Author(s): Peruzzo DC, Benatti BB, Ambrosano GM, NogueiraFilho GR, Sallum EA,
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Abstract BACKGROUND: Clinical observations and epidemiologic studies suggest that some negative life events and psychological factors may contribute to an increased susceptibility to periodontal disease. The aim of the present study was to systematically review the evidence from case-control studies, cross-sectional studies, and prospective clinical trials reporting on the influence of stress and psychological factors on periodontal disease. The focused question addressed in this systematic review was whether the scientific evidence is enough to consider stress and psychological factors as risk factors for periodontal disease. METHODS: A literature search was conducted using two databases (MEDLINE and the Cochrane Oral Health Group specialist trials register) in addition to searching reference lists of original and review articles. The search strategy used was the combination of the terms: "stress," "periodontal disease," and "psychosocial disorders." Studies were selected if they were published in dental journals between January 1, 1990 and April 1, 2006; only human studies and studies with adults and middle-aged subjects were included. Suitable variables included control for the potential effect of confounding factors, adequate criteria to define periodontal disease, adequate criteria for establishing stress, and methodologic quality. Only English-language articles were considered, and unpublished data were not sought. Two reviewers independently extracted information regarding quality and study characteristics in duplicate. The studies were assessed regarding their methodologic characteristics, statistical analysis, characteristics of the periodontal outcome measures, and psychological measurements. RESULTS: Of the 58 articles identified in the search, 10 were excluded because they were reviews and 34 did not comply with the selection criteria. Fourteen articles (seven case-control studies, six cross-sectional studies, and one prospective clinical trial) were included in the analysis; their quality and main study characteristics were assessed according to the criteria preestablished in the protocol of the study. With regard to the results of the studies, 57.1\% found a positive outcome between psychosocial factors/stress and periodontal disease, 28.5\% observed a positive outcome for some characteristics and a negative outcome for others, and 14.2\% found a negative outcome. CONCLUSIONS: Within the limitations of this systematic review, the majority of studies showed a positive relationship between stress/psychological factors and periodontal disease. However, in the future, well-designed and more representative studies should be considered to confirm these factors as a risk for periodontal disease.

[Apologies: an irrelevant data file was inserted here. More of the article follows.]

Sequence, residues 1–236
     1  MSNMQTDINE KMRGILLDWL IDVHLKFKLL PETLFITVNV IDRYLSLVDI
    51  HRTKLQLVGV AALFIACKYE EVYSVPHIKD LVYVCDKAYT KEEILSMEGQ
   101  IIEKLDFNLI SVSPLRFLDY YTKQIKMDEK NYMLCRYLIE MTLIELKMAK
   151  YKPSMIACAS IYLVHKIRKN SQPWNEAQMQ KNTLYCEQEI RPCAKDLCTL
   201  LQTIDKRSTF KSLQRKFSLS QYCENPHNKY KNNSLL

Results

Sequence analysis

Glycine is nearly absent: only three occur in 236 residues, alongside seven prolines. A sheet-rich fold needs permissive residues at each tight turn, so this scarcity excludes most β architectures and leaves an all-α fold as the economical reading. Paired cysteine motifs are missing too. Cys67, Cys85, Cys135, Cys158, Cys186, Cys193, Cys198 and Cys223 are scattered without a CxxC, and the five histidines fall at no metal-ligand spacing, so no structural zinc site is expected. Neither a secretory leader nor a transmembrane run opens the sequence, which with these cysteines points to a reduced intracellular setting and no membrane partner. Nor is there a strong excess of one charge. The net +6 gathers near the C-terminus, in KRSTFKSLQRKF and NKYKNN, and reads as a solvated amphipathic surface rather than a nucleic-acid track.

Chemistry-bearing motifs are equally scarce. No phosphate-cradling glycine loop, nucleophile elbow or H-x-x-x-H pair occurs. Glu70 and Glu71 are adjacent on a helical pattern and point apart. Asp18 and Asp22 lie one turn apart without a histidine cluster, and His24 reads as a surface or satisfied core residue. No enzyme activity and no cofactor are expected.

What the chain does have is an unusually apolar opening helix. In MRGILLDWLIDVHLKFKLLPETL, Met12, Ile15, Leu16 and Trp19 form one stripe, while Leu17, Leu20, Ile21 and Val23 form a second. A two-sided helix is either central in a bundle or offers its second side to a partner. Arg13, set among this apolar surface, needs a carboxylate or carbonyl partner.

This article was published in J Periodontol
and referenced in Dentistry